In space, no one can hear you scheme. But here on Earth, plans to go where few have gone before are getting louder by the minute.
In February, Virgin Galactic’s SpaceShipTwo passed its third glide-flight test, putting it on pace to offer suborbital space tourism by the end of 2018. In March, Goldman Sachs announced to investors that a single asteroid containing $25 billion to $50 billion of platinum could be mined by a spacecraft costing only $2.6—less than a third of what has been invested in Uber.
“While the psychological barrier to mining asteroids is high,” the Goldman report concludes, “the actual financial and technological barriers are far lower.” In April, NASA selected Trans Astronautica Corp., an aerospace company based in Lake View Terrace, Calif., for $3.25 million in technology study grants. Among TransAstra’s NASA-approved projects: an asteroid-hunting telescope whose stated mission is “to start a gold rush in space.”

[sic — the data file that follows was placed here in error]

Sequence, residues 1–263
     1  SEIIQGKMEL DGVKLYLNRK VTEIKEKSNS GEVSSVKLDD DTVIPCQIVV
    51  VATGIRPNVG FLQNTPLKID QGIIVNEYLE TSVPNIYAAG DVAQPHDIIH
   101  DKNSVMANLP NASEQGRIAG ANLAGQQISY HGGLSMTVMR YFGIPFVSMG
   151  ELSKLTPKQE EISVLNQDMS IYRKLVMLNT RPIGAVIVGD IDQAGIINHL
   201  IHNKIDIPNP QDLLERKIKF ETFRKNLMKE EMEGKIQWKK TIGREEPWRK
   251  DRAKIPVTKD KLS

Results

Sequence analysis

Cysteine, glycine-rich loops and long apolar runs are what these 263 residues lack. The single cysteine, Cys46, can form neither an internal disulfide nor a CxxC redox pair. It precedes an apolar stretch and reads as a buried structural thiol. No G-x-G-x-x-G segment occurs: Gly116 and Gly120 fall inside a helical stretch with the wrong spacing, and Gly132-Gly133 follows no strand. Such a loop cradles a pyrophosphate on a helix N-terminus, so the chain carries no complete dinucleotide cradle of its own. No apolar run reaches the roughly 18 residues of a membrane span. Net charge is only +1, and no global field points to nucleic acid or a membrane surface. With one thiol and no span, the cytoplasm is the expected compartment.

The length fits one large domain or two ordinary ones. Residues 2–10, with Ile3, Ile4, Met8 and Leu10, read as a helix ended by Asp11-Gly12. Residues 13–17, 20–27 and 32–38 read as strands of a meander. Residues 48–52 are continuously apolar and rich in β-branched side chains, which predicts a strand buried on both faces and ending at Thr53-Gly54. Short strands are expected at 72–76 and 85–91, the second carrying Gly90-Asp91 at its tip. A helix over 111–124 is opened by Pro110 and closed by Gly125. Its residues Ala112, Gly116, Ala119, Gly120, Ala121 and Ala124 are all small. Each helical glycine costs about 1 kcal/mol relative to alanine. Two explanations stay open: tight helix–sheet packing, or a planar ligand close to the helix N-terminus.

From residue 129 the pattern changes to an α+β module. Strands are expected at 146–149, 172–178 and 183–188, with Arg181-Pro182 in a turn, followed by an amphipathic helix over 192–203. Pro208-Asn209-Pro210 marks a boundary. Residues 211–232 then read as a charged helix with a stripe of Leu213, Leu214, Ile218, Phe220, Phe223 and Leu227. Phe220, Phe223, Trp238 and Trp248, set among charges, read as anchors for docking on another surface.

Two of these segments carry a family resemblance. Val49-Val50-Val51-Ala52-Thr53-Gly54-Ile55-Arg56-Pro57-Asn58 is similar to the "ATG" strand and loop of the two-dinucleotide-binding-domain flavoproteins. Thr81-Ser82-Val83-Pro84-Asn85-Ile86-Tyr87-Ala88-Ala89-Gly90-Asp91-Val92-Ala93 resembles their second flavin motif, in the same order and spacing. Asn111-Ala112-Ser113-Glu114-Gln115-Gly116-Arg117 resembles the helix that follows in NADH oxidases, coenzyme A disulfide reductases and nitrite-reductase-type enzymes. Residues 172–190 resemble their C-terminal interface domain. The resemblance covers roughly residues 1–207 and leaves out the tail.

Everything that happens in space falls under the purview of the Treaty on Principles Governing the Activities of States in the Exploration and Use of Outer Space, including the Moon and Other Celestial Bodies. This international agreement, also known as the Outer Space Treaty, turned 50 years old in January. More than 100 countries, including the U.S., Russia and China, are parties to the treaty. “It’s the Constitution and the Magna Carta of space law,” says Sagi Kfir, general counsel for Deep Space Industries, an asteroid-mining company based in Mountain View, Calif. “It’s so fundamental that its principles have become customary international law even for those countries that aren’t signatories.”
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